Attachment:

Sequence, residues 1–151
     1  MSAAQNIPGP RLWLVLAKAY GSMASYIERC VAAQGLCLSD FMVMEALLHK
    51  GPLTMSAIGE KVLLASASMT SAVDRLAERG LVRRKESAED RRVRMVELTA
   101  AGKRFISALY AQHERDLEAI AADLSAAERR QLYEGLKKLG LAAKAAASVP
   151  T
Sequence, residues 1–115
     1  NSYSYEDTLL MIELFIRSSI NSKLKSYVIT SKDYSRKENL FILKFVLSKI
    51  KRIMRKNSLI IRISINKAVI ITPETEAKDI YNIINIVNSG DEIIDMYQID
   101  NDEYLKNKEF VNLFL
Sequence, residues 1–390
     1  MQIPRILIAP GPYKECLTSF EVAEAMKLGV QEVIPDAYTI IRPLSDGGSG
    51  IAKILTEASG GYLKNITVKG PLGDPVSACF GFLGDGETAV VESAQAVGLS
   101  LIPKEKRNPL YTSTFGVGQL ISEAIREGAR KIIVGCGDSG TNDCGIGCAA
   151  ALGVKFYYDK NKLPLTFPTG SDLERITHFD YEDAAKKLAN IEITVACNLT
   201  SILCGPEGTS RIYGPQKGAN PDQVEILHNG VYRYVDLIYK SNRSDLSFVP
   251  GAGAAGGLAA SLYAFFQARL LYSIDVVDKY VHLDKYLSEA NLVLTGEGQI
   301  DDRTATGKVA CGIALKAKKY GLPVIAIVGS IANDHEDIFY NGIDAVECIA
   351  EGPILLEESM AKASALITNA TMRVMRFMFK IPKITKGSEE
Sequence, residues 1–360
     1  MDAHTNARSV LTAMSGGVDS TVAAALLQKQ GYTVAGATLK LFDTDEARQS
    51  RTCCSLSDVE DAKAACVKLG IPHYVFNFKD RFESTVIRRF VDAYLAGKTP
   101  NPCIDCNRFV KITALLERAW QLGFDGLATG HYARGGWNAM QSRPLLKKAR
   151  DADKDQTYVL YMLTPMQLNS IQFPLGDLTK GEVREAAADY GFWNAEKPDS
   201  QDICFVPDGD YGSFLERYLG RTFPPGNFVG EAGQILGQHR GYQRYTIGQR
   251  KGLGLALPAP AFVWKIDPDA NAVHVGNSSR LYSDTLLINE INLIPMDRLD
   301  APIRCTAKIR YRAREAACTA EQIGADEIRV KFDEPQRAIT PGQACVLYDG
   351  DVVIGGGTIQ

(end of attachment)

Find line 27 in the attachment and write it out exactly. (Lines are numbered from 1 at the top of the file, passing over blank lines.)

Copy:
   351  DVVIGGGTIQ